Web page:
6 thoughts on “Dear frozen parents”

  1. I am frozen. Our daughter is in a residential facility out of state for her self-harm and suicidal tendencies. She is not even doing well there. We do go visit her on weekends. She is still self harming and says she wants to die. She has been transferred to a hospital to try to stabilize her. We live in fear daily wondering if our latest visit will be the last. It is a living hell. Your blog has been helpful in validating everything I’m feeling. I don’t know when I will thaw.

    1. The helplessness and fear kept me prisoner for a long time. What worked for me was finding a support group for others going through this. There were enough unthawed people there and some were still coming after their child had done well and that was encouraging to those of us in the weeds. Education and comraderie helped me. Curling up in a ball and crying and pleading with god did not. And I spent an awful long time doing that. It is so hard. Tell yourself you will reach a point that you will know how to move forward with your own life even though you don’t see how that will happen. Just take that one cheerleading leap of faith for yourself.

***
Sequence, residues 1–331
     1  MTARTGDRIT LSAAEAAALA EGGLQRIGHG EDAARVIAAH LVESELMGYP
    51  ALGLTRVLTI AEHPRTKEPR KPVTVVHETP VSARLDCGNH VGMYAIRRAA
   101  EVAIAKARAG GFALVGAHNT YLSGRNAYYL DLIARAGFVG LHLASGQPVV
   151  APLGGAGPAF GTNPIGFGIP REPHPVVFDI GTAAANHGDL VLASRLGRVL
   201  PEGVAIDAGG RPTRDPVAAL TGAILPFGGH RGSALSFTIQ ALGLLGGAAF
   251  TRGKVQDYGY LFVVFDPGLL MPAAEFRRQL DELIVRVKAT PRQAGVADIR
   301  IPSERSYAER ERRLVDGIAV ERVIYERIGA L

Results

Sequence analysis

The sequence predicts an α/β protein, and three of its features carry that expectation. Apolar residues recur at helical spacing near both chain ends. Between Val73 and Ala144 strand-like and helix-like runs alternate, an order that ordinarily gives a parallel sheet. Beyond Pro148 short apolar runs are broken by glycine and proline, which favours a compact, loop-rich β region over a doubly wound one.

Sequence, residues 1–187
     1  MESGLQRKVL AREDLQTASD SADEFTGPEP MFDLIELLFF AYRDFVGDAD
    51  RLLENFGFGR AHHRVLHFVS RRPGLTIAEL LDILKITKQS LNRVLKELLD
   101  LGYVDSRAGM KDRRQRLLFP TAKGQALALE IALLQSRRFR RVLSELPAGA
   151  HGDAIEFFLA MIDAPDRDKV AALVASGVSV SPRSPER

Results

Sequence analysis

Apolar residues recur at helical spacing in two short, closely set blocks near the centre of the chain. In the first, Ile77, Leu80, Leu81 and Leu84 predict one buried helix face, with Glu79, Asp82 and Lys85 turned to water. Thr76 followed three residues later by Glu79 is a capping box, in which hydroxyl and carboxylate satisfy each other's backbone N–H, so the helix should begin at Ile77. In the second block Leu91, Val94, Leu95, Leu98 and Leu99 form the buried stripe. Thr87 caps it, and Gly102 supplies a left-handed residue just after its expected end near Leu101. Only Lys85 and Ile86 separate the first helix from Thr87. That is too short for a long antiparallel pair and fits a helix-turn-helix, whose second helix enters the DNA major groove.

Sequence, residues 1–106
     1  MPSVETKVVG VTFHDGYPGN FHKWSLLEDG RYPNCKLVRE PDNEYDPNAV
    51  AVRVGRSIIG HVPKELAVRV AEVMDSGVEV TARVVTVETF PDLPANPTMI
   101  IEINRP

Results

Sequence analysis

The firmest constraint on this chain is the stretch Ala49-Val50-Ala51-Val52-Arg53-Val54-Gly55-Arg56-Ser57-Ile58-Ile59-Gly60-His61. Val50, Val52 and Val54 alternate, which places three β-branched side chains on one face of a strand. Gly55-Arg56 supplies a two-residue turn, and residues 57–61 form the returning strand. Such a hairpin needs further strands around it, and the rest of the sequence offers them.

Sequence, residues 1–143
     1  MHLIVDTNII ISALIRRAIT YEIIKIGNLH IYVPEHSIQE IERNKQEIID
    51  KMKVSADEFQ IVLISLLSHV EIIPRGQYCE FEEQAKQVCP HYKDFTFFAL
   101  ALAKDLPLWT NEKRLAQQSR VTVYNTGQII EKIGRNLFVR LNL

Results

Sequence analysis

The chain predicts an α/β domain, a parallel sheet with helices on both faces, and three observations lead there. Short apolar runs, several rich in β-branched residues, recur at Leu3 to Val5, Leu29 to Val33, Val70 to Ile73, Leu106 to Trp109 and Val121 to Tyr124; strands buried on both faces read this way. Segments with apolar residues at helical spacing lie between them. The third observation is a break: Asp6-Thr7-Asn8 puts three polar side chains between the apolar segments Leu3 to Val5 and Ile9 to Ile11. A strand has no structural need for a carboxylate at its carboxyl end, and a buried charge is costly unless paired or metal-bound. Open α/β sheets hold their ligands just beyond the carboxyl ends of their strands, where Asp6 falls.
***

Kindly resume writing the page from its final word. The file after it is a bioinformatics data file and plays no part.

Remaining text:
2. It took me a long time to muster the courage to share my son’s struggle because of fear. Fear of betraying him to the world by disclosing his problems, fear of being judged and fear of embarrassment. I no longer fear anything except for what will happen to him after my husband and I are gone. Even then, as now, it is out of my control. All we can do is pray, live for today, love one another and have hope for tomorrow. Thanks for suggesting support groups. I do need to resume going.

  3. One of my goals for 2018, is to attend a few support meetings. Never found one that clicked, so mainly I’ve had God, Husband, and my Sister. I’ve spent a lot of time isolating myself, so I don’t burden others with my continued grief. I also sew things, and give it away. I used to label each item with CurT’s Cross, but stopped. I’d like to find a Faith- based suicide survivor group. Seem to be nonexistent. Maybe, some day I’ll get the training, and God willing, start my own Faith based support group.

    1. My friend Charlotte started a group. She is strong in her faith. But I like that idea, Jan. I think a lot of people would really respond to that. I would start by having a discussion with your minister about it just to get his/her feedback. I would encourage you to do that. This is a group my friend, Charlotte runs. Maybe reach out to her and find out how she did it. Just to get those steps outlined in your head.